Saturday, June 25

Editorial | The urgency and opportunity for Spain to regulate cryptocurrencies

The emergence of the cryptocurrency phenomenon in recent years has generated a wave of euphoria in the markets and concern among regulators. The warnings about the strong volatility and the high risk that exists in the operations carried out with these assets have not been able to curb the investment appetite of those who bet on their spectacular returns. Bitcoin, for example, has gone from being paid at $ 800 at the end of 2016 to a record of close to 68,000 in November, which represents a revaluation of 8,500%.

The pressure to put a bell on the cat as soon as possible has led Brussels to get down to work to approve a regulation. The latest version of the draft, however, delays the application of the regulations for a large part of cryptocurrencies, including bitcoin, until the first half of 2024. Only the regulation referring to cryptocurrencies referenced to assets -stablecoins- and of electronic money tokens will be brought forward a year, in anticipation that the entry into the business of the tech giants could pose a risk to European financial stability.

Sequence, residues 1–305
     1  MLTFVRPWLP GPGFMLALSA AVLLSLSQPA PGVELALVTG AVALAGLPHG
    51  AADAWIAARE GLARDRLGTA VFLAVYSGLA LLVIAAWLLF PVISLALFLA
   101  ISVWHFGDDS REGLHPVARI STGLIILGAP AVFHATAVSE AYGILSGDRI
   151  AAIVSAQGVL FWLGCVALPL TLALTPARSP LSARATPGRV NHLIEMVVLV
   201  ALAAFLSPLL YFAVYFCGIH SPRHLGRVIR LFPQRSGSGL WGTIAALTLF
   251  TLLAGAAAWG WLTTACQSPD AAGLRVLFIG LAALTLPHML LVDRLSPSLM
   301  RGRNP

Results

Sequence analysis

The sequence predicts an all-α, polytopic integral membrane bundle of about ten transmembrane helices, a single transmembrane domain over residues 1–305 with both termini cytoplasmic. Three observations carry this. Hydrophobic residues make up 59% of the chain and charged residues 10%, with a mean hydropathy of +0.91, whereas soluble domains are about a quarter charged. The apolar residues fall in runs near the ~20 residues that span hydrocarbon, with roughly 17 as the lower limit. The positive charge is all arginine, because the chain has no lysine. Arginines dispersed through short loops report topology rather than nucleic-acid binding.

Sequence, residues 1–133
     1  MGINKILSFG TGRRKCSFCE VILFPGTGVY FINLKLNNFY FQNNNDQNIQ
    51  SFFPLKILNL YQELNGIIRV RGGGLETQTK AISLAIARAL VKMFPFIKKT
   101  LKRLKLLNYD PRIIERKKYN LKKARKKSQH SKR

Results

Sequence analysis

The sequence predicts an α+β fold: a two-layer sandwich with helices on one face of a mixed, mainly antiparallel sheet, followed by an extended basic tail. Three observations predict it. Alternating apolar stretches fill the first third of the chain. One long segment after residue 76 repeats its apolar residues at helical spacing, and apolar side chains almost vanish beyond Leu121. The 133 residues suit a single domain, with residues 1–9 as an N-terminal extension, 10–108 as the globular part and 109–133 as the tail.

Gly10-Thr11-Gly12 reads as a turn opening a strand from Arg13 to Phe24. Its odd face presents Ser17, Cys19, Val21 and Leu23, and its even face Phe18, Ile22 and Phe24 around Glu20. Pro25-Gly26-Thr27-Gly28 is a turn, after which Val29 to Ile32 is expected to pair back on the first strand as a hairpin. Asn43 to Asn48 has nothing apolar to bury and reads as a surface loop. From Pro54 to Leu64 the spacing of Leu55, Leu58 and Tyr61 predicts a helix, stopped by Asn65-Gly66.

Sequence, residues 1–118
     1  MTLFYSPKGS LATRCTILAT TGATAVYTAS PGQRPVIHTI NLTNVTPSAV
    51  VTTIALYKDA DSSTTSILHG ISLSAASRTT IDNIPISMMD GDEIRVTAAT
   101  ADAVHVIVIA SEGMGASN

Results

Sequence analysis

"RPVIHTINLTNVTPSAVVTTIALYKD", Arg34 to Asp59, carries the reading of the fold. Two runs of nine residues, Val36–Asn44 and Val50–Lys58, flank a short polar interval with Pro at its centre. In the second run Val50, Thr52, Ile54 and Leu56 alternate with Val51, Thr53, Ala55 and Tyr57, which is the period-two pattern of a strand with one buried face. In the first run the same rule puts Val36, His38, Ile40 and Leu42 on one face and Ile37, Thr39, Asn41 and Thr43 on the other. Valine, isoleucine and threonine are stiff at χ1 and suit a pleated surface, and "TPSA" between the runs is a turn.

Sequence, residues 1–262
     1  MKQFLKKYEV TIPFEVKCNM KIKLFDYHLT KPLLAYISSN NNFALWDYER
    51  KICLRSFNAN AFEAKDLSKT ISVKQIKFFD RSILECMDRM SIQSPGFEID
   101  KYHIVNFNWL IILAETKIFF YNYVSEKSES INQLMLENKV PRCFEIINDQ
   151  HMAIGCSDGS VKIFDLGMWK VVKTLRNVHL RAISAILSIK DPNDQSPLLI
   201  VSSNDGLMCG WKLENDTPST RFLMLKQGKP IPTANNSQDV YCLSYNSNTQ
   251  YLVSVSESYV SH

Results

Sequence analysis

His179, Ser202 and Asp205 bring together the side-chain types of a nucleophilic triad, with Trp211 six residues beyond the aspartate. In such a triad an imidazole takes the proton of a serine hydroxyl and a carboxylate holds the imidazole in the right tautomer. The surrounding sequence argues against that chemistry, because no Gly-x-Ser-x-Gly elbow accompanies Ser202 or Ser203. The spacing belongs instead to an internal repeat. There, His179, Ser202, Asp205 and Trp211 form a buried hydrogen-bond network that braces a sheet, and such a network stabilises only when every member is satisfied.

Brussels’ delay in approving the regulation should not come as a surprise, but rather a further example of the lack of legislative agility and governance deficiencies plaguing the EU. But the fact that the Commission loses the train of cryptocurrencies, with all that it implies of inaction in the face of a market of very high risk and potential, does not have to prevent national regulators from taking a step forward and approving their own capable regulations. to take advantage of the phenomenon and reduce its deficiencies.

Germany, France and Luxembourg are already preparing a national regulatory framework, while Portugal has chosen to offer attractive taxation in order to attract investors. All are very significant signs of the interest in the European market to position itself in a sector with high financial potential, as well as to put an end to the growing irregularities and fraudulent uses that have arisen around these assets. Spain cannot afford to wait two years to address the regulation of cryptocurrencies, because in this as in other areas, those who take the first step will have a significant competitive advantage, and they will do so in a context of economic recovery and in digitized financial markets that today have no borders.

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